Preparation for Holy Communion. 10 things. Part 3. Fasting.

Preparation for Holy Communion

10 Things [1]


3.  Fasting is generally a part of preparation for Holy Communion.


Since the chief thing we must do to prepare for Holy Communion is try to live a Christian life, we should fast according to the typikon of the church (that is, according to the fasting rules for various days of the year), and according to our strength, and always under the guidance of our confessor.


Any confessor has many fasting rules for different people, depending on their spiritual maturity, physical health, zeal and strength of will.


In our day, there is much misunderstanding about fasting. Many people see our fasting tradition to be any or all of the following:


1.      Fasting is not applicable to lay people, but only to monks. 

2.      Fasting is only done during short parts of the year, and usually with accommodations to our apparently difficult modern life – for instance, abstaining from meat on the first week of Great Lent and Holy Week.

3.      Fasting is obligatory for three days, or perhaps a week before receiving Holy Communion, but usually not at any other times.

4.      Fasting is a set of arbitrary rules, which have little or no application to daily life, but a person feels “bad” when they do not fast, which is a good part of the time.

5.      There is one fasting rule for everyone, and it is too hard to do, so in essence, fasting is not attempted, except perhaps in the case of #3, above.

6.      Some are even influenced by sectarian ideas and believe fasting is some sort of attempt to be “saved by works”.


None of these things is remotely true. Fasting is a way of life; it is the way to life. It is not arbitrary rules that make us feel “bad’ when we do not follow them. If the reason for fasting is understood, it is immediately apparent that it is not just a set of arbitrary rules. It is also not a set of optional rules. It has never been “only for monks”.


An explanation of fasting is not part of the scope of this document, so the interested person, included the one “who has trouble fasting”, should talk to his confessor. Of course, if his confessor does not fast (and there is no medical reason), he should find another confessor!


From St Nicholas Orthodox Church, McKinney


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  1. Dear Fr. Seraphim:
    Please bless!
    My husband and I are parishioners of Sts Cyril and Methodius Orthodox Church (OCA) in Milwaukee, WI. But we are also good friends with the parish of (ROCOR) Holy Trinity Russian Orthodox Church, and their priest Fr. Vasyl Kuzmich. And he always says that frequent communion is bad for you, and that you need to fast 3 days before receiving communion. That's not the tradition I was brought up in, but I never argue with priests. We just never go to communion at the Holy Trinity Church. But it bothers me all the time – should I speak to Fr. Vasyl? Or show him some materials? Or just ignore and keep quiet about it?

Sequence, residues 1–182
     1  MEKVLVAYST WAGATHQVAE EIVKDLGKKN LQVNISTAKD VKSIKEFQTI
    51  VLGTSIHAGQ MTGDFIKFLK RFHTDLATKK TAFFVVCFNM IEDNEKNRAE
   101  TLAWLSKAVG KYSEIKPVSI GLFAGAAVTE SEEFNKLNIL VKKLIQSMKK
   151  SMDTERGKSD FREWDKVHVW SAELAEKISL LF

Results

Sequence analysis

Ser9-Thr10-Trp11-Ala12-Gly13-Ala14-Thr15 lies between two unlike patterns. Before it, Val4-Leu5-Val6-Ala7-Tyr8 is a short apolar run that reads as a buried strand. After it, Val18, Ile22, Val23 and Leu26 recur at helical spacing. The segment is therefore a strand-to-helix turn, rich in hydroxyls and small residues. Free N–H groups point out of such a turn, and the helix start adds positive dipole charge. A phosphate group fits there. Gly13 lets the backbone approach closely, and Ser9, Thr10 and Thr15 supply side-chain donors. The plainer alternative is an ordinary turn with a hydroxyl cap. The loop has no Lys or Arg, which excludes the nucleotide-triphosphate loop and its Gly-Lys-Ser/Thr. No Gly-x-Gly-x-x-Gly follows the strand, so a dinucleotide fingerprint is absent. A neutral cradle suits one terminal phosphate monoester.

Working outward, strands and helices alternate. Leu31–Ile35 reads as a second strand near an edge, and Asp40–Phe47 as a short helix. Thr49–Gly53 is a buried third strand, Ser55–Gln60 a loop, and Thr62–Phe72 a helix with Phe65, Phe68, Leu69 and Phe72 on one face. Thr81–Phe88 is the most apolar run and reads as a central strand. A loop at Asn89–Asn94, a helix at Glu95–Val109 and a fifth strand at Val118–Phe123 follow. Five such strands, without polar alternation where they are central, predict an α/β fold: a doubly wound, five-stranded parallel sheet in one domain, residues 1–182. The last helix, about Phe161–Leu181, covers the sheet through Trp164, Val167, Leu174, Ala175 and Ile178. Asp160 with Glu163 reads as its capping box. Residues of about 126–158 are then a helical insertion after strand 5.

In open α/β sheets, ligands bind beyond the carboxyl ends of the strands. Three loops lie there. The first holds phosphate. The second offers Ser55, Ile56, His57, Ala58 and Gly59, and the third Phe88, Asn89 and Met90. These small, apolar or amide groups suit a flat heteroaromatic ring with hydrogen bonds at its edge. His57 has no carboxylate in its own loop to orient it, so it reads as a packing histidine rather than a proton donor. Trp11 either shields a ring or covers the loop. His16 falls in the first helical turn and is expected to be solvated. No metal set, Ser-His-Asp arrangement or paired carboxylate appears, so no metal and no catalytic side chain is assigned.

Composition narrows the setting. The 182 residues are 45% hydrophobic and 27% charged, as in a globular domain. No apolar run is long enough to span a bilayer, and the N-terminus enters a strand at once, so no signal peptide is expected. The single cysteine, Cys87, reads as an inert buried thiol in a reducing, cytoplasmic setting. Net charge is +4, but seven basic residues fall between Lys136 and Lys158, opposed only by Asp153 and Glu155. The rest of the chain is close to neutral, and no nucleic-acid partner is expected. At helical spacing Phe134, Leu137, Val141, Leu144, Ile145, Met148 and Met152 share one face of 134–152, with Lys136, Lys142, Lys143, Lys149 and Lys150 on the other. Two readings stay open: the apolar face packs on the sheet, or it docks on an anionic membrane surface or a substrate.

In Christ,
    Tatiana B. Miller

  2. Dear Tatiana:

    May God bless you! One of my daughters was baptized in the ROCOR Milwaukee church, years ago, by the ever memorable Fr Averky.

    There are many opinions about everything, and there are also true traditions.

    The opinion that one must fast 3 days before communion is relatively recent, and is an adaptation (in my opinion) to low church attendance and poor fasting, and overall – poor Christianity.

    Our bishops do not hold to this opinion. They encourage frequent communion, with preparation.

    In many American churches there is no preparation – no evening service, no prayers, no getting to liturgy on time. no confession (sometimes in a lifetime!) . This is also a wrong "opinion".

    We are Christians all the time, and should not just become observant a few days before Communion, and endure all the tedious prayers, etc (tedious because we rarely do them) before infrequent communion times.

    There are pious people who live a Christian life, with fasting, and prayer, AND also observe a 3 day fast. They are very rare. I cannot argue with their observance, because they are struggling to live a Christian life. The majority are lax, and not benefiting from their occasional (to them) superhuman efforts.

    This is a pervasive cultural problem – our modern laziness combined with what the priest is teaching, and the idea that "this is what the church teaches."

    I do not think you should talk to him. He has his opinions.

    My series is an attempt to teach the proper way to prepare for communion, stressing that this preparation occurs all seven days of the week!

    Thank you for your excellent comment. Sometimes I think I am shooting words into the void, and I love to see that someone is reading.

    May God bless you and help you in all things.



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